During a recent return visit to Bangkok with the Thailand Convention and Exhibition Bureau (TCEB), we were spoilt rotten with a range of fabulous new dining experiences across the city. From fine dining to culinary concept malls, Bangkok’s food scene is on fire, offering endless innovation, flair and creativity. Here are five must-try options for your next visit.
Google Paste Bangkok and you’ll read numerous rave reviews for this artisanal Thai restaurant located at Sukhumvit Soi 49. Bookings are recommended well in advance. The exciting news is Paste has recently opened a second restaurant on level 3 of the Gaysorn shopping complex in the heart of Ratchaprasong – Bangkok’s dining and shopping hub. The new location should be easier to get into during the ‘soft launch’ period, but it probably won’t stay that way for long. The menu is a sophisticated fusion of classically inspired Thai recipes and locally sourced ingredients. Preservatives and chemicals are avoided where possible. Open for lunch and dinner 7 days. http://paste-gaysorn.com
1823 Tea Lounge by Ronnefeldt
Ronnefeldt is one of the oldest and most revered tea companies in the world, supplying tea connoisseurs the world over. So take a well-earned breather from the organised chaos outside for what’s bound to be a pretty good cuppa at the newly opened 1823 Tea Lounge by Ronnefeldt, also located in the Gaysorn complex. The lounge is an elegant oasis of calm with a soft, stylish décor and a mouth-watering selection of macaroons, pastries, handmade chocolates and other suitably decadent delights to enjoy. Light meals are also available. Open daily. http://www.1823ronnefeldtbkk.com
Groove at Central World
Food courts in shopping malls aren’t generally renowned for offering memorable dining experiences. But quite the opposite, across Asia the ‘concept mall’ has taken matters to a whole new level. Bangkok’s newest retail food spaces deliver highly innovative dining options in increasingly sophisticated surrounds. On our last visit to Bangkok we discovered the top floor at the futuristic Central Embassy – definitely worth a look. This time we paid a visit to Groove at super-swanky Central World, which features a range of hip restaurants and glitzy bars spread across two alfresco levels. It’s pretty quiet during the day (so the lunchtime specials are probably worth checking out) but fires up with the after work and evening crowd. Open daily from 10am to 1am. http://www.centralworld.co.th/groove/about-en.html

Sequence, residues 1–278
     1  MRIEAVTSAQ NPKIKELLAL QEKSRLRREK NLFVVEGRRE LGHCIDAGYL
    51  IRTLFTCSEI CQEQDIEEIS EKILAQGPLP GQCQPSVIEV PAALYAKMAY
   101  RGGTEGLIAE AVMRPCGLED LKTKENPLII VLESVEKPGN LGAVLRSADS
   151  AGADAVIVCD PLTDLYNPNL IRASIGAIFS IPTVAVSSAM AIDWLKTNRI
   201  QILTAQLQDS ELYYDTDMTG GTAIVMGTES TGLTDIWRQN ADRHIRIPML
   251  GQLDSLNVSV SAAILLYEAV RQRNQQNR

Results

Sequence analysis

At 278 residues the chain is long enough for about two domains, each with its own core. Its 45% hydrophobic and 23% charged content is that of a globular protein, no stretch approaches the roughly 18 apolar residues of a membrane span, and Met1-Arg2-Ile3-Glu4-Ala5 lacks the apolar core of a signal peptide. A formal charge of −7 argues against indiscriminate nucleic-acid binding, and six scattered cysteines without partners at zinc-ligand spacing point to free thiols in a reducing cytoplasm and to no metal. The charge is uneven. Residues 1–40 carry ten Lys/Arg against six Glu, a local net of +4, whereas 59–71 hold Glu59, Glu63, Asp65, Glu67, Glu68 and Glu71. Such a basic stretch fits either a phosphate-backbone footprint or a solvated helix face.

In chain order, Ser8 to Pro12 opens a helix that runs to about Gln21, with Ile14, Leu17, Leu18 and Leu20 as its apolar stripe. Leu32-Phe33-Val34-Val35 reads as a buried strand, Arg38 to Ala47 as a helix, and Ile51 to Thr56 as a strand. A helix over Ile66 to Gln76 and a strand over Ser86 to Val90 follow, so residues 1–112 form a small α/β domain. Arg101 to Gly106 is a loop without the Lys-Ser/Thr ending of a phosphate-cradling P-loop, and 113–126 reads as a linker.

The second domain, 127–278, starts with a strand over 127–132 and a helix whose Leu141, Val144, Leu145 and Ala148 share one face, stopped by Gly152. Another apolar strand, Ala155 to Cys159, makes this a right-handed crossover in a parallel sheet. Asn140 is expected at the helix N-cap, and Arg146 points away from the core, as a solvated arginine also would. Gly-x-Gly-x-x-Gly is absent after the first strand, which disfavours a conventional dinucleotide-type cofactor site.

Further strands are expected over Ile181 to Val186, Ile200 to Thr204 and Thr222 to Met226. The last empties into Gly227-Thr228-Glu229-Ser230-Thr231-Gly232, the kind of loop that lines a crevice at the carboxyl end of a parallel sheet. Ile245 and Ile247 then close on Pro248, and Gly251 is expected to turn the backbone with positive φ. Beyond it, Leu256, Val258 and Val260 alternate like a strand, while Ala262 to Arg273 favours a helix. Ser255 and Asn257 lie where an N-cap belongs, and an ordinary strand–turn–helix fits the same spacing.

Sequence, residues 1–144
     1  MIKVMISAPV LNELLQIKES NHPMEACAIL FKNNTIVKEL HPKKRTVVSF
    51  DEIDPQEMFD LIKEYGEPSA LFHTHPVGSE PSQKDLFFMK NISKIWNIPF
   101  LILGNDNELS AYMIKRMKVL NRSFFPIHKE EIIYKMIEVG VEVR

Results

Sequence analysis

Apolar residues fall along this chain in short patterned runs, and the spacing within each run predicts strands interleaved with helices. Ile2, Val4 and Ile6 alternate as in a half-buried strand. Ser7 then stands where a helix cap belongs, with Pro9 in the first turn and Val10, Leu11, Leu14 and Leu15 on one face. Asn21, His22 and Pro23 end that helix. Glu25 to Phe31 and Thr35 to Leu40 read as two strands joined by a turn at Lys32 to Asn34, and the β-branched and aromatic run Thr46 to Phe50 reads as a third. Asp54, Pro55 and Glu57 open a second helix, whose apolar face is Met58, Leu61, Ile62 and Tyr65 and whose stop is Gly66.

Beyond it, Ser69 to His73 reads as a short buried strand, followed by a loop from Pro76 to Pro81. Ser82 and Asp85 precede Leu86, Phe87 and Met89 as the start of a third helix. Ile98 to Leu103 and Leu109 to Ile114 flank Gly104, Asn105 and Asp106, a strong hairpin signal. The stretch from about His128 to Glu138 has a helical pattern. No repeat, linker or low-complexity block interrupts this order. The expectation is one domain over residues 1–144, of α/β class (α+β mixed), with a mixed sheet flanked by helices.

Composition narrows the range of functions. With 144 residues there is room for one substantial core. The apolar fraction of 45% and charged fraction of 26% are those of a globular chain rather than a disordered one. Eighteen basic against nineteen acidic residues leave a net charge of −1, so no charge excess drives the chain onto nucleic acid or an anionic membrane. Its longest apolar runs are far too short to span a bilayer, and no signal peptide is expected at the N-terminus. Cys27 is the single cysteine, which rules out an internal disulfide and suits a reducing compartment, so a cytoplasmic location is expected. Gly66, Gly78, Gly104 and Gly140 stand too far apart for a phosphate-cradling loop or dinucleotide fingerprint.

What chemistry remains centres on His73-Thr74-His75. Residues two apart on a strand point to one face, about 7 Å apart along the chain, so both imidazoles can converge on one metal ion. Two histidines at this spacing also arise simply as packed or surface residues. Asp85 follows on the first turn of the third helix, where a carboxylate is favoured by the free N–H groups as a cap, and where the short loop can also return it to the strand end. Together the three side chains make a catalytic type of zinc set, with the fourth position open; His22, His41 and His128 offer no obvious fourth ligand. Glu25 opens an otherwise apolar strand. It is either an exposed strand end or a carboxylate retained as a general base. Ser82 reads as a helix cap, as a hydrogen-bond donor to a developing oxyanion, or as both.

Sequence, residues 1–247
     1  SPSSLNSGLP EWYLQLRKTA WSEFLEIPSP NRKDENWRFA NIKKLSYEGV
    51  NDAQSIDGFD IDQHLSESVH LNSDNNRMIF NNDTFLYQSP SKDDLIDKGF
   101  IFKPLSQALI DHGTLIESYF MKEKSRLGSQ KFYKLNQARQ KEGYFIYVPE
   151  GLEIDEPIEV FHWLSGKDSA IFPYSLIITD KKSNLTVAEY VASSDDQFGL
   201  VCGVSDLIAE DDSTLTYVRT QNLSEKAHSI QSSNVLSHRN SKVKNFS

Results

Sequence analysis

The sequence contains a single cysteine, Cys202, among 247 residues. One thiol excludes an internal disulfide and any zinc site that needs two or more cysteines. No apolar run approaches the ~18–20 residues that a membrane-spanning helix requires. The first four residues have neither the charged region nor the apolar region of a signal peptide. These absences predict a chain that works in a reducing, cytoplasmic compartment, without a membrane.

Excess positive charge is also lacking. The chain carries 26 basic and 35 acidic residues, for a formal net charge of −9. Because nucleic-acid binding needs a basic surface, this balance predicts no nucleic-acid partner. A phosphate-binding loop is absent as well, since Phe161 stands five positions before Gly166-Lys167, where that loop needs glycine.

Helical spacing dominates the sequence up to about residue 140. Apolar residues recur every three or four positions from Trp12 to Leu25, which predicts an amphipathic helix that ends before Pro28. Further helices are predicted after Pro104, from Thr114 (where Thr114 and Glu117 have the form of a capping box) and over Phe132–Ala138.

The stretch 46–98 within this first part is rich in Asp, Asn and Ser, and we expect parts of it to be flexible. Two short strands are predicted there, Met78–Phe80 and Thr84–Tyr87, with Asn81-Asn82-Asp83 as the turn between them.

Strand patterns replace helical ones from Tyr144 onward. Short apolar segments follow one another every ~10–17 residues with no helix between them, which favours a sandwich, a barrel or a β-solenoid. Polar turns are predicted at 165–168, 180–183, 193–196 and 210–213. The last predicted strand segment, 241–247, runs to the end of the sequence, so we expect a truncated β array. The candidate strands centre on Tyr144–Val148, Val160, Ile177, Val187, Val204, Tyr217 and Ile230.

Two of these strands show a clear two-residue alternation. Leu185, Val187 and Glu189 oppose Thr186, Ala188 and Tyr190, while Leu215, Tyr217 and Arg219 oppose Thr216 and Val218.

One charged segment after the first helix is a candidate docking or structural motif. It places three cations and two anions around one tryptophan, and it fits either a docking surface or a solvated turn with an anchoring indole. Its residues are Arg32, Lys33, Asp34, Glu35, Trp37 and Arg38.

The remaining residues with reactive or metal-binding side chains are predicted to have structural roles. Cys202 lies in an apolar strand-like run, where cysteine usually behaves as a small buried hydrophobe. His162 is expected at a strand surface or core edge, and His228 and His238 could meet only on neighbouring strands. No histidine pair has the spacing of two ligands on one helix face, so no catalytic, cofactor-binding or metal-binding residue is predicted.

Yodpiman River Walk
The new Yodpiman River Walk mall stretches 300m along a bend in the Chao Phraya River – the gateway for merchants visiting Bangkok city for centuries. Built in colonial style, you’d be forgiven for thinking this is a restored heritage building. It’s not, but it is extraordinarily well done. This area is one of the most historic parts of the capital and well worth exploring, including the magnificent Grand Palace, Wat Pho and Pak Khlong Talat flower market – the largest flower market in Bangkok. The Yodpiman River Walk houses around 40 retail outlets and restaurants. Try Mango Tree on the River (http://www.mangotreerestaurants.com) with its excellent menu of modern Thai. Across the river the Wat Arun temple and the Portuguese Santa Cruz – the oldest Catholic Church in Bangkok – provide an atmospheric backdrop. http://www.yodpimanriverwalk.com/home/
St Regis Bar
Ok, so this hotel isn’t brand new, but it’s reasonably so. And a Bloody Mary is almost a meal, so humour us. Inspired by the traditions established at the famous St Regis Hotel New York by the Astor family back in the early 1900s, the stylish and sophisticated surrounds of the St Regis Bar (overlooking the Bangkok Royal Sports Club) make this the perfect location for a pre-dinner drink and canapés. It’s said that arguably the world’s most famous cocktail – the Bloody Mary – was invented at the King Cole Bar at the St Regis New York. Since then every St Regis hotel around the world has offered its own take on the BM, and be warned, the Siam Mary in Bangkok is a fairly fiery concoction. If a gentle glass of bubbles is more to your taste, look out for the champagne sabring ceremony at sunset – another fine Astor family tradition that involves removing the first champagne cork of the evening by swiping it out of the bottle with a sword. Don’t try this at home. You’ll waste the champagne. http://www.stregisbangkok.com
Adam Ford is a travel presenter, writer, blogger, commentator and editor of The Big Bus tour and travel guide – www.thebigbus.com.au.
Adam travelled as a guest of the Thailand Convention and Exhibition Bureau (TCEB). For details contact the venue or visit www.businesseventsthailand.com.
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